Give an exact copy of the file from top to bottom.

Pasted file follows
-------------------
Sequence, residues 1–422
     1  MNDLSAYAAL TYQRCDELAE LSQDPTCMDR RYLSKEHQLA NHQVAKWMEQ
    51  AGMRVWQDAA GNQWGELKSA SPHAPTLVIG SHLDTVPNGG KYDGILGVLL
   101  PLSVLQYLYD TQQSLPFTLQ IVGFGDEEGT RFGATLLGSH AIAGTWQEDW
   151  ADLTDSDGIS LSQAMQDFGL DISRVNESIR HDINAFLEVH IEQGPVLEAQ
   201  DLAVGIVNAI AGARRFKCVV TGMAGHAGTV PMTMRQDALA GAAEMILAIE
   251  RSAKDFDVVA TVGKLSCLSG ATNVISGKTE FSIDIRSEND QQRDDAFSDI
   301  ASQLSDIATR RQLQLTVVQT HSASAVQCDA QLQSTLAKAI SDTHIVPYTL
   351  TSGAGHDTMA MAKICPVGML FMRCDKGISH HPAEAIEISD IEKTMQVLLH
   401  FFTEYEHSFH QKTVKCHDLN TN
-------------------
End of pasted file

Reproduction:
Sequence, residues 1–422
     1  MNDLSAYAAL TYQRCDELAE LSQDPTCMDR RYLSKEHQLA NHQVAKWMEQ
    51  AGMRVWQDAA GNQWGELKSA SPHAPTLVIG SHLDTVPNGG KYDGILGVLL
   101  PLSVLQYLYD TQQSLPFTLQ IVGFGDEEGT RFGATLLGSH AIAGTWQEDW
   151  ADLTDSDGIS LSQAMQDFGL DISRVNESIR HDINAFLEVH IEQGPVLEAQ
   201  DLAVGIVNAI AGARRFKCVV TGMAGHAGTV PMTMRQDALA GAAEMILAIE
   251  RSAKDFDVVA TVGKLSCLSG ATNVISGKTE FSIDIRSEND QQRDDAFSDI
   301  ASQLSDIATR RQLQLTVVQT HSASAVQCDA QLQSTLAKAI SDTHIVPYTL
   351  TSGAGHDTMA MAKICPVGML FMRCDKGISH HPAEAIEISD IEKTMQVLLH
   401  FFTEYEHSFH QKTVKCHDLN TN